Iowa State president under fire for personal use of school planes
- Iowa State University President Steven Leath apologized to student government officials recently for his use of institutional airplanes in personal travel since 2014, according to the Associated Press.
- Leath told student leaders that he used two different planes for four trips to his home in North Carolina, and for other trips which combined business with personal time off.
- The SGA, which passed a resolution asking for state higher education leaders to investigate the use of the planes, has rekindled discussion about Leath's private-yet-legal land purchase deal with Board of Regents President Bruce Rastetter, and the potential overreach of executive privilege.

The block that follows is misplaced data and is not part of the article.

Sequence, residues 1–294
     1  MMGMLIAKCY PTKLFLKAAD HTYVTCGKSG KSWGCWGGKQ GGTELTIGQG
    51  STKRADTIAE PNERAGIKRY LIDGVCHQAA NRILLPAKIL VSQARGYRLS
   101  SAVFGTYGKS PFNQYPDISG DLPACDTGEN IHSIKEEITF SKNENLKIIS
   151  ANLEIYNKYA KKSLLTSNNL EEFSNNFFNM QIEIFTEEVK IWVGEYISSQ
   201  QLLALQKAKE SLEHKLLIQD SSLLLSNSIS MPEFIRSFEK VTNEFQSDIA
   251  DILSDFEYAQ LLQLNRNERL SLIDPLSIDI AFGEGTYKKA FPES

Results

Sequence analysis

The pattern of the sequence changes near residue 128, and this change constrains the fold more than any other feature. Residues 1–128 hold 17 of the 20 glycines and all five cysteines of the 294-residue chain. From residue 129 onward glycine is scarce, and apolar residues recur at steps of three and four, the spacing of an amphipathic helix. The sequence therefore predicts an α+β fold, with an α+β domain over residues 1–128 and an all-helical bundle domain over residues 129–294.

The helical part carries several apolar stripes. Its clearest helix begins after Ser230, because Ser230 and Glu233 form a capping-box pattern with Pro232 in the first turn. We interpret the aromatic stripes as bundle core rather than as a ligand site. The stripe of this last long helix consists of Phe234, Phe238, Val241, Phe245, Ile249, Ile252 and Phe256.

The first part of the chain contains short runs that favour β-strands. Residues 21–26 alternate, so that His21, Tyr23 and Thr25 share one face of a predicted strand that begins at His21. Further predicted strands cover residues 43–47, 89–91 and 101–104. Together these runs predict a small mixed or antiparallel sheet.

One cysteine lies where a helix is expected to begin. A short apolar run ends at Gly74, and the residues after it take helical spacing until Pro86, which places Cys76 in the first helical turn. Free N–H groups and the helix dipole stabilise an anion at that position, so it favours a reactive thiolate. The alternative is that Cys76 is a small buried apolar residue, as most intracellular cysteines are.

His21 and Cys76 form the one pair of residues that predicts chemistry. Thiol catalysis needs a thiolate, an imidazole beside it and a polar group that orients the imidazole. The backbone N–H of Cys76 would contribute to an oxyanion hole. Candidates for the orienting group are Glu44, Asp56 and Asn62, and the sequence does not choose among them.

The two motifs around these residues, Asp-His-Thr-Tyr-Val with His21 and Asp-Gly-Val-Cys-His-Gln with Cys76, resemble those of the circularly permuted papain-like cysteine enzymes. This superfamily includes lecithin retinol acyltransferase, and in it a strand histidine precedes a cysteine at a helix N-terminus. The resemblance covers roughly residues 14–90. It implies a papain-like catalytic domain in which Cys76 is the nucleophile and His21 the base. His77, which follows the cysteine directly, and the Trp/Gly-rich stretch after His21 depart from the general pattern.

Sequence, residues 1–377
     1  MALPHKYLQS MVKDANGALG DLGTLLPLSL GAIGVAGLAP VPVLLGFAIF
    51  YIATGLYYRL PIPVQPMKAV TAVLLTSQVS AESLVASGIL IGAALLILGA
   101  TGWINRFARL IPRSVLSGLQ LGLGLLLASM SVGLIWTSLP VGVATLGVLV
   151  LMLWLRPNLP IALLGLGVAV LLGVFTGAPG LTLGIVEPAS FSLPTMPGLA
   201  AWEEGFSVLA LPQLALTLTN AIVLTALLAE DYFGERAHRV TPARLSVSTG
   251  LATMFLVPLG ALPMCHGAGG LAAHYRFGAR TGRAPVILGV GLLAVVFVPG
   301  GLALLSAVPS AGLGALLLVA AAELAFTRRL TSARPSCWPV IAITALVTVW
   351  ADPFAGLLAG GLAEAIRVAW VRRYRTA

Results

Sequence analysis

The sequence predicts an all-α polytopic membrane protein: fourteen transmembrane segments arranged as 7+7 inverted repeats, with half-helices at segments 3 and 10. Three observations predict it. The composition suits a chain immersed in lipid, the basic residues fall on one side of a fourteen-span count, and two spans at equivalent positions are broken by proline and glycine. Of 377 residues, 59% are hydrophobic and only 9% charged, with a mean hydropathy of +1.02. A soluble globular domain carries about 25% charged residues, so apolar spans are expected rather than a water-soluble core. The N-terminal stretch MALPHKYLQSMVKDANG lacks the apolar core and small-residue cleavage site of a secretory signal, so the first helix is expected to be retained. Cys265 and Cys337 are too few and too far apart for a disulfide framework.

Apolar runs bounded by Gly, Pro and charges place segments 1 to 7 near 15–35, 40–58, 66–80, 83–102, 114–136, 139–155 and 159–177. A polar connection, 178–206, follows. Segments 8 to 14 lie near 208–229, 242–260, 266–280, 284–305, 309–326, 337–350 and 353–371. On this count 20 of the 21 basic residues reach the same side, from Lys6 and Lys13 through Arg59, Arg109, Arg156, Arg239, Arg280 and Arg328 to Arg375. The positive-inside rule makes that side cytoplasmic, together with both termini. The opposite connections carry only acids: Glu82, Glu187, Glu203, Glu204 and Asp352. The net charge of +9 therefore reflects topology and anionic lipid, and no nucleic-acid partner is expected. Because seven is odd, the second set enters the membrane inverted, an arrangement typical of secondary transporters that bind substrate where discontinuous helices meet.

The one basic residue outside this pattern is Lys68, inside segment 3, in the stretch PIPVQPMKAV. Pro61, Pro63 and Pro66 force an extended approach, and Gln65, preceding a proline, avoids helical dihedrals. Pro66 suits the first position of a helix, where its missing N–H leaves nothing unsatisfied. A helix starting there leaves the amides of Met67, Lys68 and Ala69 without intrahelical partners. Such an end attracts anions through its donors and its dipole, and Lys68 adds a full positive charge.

Higher education leaders should be cautious of Iowa State's example of executive perks gone too far. For some, use of university transportation may seem to be a very small thing that does not make a difference in a large context of university fundraising and enterprise. But with millions of students struggling to afford college and thousands of institutions cutting budgets while pay for executives continues to rise, the case for executive privilege is growing more problematic with every instance of abuse.
Presidents should be hyper conscious of their use of foundation or university purchasing cards, trips, gifts and access allowed to potential or existing donors, as all of these scenarios can create bad public relations for an institution, and potentially the ouster of the guilty executive.